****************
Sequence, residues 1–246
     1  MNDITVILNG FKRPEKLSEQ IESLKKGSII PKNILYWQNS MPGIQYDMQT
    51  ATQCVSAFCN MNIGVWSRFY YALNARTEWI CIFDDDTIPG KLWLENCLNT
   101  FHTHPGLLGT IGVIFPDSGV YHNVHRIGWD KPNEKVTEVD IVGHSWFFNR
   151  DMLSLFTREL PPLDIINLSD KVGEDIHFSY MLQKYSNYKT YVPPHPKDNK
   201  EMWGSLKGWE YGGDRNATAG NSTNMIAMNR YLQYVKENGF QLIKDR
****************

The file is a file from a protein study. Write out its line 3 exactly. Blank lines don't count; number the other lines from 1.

    51  ATQCVSAFCN MNIGVWSRFY YALNARTEWI CIFDDDTIPG KLWLENCLNT